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News Release - Manitoba

April 12, 2012

Province Launches Pediatric Insulin Pump Program

Pumps Will Offer Improved Lifestyle, Help Alleviate Family Financial Burden: Oswald

The province will help children and families manage diabetes and attain a greater quality of life through a new pediatric insulin pump program, Health Minister Theresa Oswald announced today.

“The insulin pump may help children and youth with diabetes to lead a more normal and active lifestyle, allowing more flexibility and independence in their daily schedules and a much-improved quality of life,” said Oswald.  “Additional front-line staff will help assess children and ensure the pump is a good match, train patients and families on how to use it, and offer continued support and monitoring.”

Insulin pumps are an alternative technology to multiple daily insulin injections for intensive therapy of diabetes.  About the size of a pager, the portable, programmable insulin pumps deliver fast-acting insulin through plastic tubing connected to an insertion site on the body.  This can offer better control of blood glucose levels in people with diabetes.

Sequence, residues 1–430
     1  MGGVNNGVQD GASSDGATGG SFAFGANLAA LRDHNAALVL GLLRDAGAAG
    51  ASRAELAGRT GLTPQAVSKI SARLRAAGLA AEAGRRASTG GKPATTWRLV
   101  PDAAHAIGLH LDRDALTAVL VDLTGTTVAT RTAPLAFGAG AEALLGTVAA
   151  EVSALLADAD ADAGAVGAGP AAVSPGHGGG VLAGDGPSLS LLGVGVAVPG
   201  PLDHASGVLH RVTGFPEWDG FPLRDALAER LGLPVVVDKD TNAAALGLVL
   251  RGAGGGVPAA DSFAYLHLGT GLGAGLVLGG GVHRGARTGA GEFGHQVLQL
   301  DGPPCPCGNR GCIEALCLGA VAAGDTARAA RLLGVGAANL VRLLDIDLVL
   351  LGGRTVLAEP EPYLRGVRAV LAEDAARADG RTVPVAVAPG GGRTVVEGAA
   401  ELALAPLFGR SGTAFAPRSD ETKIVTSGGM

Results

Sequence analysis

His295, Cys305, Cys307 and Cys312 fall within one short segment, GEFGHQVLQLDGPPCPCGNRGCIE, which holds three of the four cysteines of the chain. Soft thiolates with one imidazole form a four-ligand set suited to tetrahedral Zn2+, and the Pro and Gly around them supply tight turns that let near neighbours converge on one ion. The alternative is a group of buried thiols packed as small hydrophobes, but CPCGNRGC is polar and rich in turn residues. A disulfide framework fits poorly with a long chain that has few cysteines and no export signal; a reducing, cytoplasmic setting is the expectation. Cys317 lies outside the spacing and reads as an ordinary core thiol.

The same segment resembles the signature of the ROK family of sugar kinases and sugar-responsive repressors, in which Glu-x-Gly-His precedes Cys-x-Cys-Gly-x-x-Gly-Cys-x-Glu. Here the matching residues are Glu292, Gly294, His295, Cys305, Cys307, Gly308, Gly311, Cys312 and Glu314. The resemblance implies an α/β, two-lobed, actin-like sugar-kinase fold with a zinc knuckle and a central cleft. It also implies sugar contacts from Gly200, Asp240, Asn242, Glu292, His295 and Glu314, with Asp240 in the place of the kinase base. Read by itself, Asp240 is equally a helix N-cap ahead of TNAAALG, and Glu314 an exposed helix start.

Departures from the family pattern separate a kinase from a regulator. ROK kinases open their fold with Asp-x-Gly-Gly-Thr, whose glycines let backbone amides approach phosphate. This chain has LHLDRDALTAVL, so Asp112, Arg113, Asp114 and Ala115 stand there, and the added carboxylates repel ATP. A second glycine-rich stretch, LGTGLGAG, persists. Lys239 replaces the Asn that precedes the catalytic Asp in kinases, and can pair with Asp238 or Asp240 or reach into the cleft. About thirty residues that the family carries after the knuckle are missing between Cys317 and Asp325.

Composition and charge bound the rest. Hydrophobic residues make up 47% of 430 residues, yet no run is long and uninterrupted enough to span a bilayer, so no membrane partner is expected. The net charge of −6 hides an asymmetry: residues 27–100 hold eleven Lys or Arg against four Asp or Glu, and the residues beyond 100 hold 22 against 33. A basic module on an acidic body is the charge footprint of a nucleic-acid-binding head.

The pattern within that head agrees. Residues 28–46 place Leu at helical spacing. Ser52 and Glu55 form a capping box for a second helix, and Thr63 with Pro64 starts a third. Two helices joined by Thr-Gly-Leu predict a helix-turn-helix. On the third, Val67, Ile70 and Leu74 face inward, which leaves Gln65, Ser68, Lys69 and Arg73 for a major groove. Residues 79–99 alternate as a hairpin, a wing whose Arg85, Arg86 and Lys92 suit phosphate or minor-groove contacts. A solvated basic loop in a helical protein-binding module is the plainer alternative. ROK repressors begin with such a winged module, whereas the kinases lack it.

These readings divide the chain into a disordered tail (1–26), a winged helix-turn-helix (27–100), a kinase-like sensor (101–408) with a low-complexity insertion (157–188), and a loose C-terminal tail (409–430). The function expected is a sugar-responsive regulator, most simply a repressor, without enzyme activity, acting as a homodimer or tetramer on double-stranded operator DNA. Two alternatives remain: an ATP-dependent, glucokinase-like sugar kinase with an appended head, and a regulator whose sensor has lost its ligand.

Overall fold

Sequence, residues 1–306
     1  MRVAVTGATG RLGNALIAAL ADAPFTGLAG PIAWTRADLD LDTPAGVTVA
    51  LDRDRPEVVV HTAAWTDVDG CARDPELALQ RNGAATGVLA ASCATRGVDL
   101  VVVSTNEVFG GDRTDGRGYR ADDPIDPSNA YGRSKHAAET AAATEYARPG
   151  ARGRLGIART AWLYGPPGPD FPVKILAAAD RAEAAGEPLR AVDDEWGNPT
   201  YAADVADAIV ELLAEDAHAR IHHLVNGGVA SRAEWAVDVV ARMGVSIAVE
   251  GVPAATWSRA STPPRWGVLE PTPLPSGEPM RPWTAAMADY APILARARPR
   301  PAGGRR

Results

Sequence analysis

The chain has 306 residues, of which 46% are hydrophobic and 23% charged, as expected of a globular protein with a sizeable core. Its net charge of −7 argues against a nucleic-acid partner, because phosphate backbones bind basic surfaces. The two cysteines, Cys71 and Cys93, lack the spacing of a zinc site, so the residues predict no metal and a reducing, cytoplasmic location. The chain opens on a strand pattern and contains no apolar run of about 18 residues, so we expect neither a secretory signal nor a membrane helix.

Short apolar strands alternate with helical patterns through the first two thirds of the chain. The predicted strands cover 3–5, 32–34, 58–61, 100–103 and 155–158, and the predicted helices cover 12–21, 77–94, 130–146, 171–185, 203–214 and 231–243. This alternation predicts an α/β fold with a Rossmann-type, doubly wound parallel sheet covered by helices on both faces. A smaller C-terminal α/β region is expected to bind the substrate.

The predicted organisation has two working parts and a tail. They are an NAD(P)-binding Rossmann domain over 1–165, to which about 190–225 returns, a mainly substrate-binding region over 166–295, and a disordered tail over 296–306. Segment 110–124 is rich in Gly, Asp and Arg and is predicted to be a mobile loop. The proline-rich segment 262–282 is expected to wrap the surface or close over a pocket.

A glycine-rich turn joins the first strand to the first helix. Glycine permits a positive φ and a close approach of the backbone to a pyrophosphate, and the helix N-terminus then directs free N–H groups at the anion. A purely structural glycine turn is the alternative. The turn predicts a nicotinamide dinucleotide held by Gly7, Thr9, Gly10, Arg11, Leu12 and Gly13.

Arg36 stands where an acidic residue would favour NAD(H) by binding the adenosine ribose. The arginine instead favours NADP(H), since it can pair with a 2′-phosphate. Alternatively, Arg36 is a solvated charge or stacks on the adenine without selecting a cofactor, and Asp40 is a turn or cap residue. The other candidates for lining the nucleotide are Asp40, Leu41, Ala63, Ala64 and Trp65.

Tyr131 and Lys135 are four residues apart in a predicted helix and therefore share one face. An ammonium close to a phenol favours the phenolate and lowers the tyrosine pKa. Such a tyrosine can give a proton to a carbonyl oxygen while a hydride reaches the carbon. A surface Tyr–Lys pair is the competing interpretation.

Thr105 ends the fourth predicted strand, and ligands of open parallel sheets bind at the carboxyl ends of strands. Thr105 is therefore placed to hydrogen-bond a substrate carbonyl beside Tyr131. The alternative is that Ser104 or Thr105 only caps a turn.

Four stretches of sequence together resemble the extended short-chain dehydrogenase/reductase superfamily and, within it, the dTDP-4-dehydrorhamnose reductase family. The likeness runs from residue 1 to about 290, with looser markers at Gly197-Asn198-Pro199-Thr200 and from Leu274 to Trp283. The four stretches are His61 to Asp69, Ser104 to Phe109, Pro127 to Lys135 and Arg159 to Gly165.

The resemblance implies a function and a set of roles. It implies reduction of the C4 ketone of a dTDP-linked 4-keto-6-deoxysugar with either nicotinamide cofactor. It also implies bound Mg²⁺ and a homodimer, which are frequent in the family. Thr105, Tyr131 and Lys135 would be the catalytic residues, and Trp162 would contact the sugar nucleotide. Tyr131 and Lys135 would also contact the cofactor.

“The insulin pump can improve management of blood sugars and lifestyle for some children, and reduce the potential for future complications,” said Dr. Seth Marks, medical director, Winnipeg Regional Health Authority Diabetes Education Resource for Children and Adolescents (DER-CA).  “We’re pleased that families that have children who meet the medical criteria for insulin pumps will now have greater peace of mind and access to this care for their children.”

“The program will also lessen the financial burden for Manitoba families who are dealing with diabetes,” said Oswald.  “For medically eligible users, we will cover the cost of the insulin pumps at an average cost of $6,000 to $7,000.  In addition, the annual supply costs for the pumps, estimated at $2,000 to $4,000 per person, will continue to be eligible for pharmacare benefits.

There are approximately 530 children in Manitoba with Type 1 diabetes and approximately 25 to 30 per cent of those children may be medically eligible for the insulin pump program, the minister said.

“We applaud the Government of Manitoba for investing into a pediatric insulin pump program,” said Andrea Kwasnicki, regional director, Manitoba/Nunavut, Canadian Diabetes Association.  “This program will not only improve the health and quality of life for manyManitobans living with Type 1 diabetes, but will also improve the sustainability of the province’s health-care system.”  

Families interested in the new pediatric insulin pump program should talk to their health-care provider or contact DER-CA at 204-787-3011.

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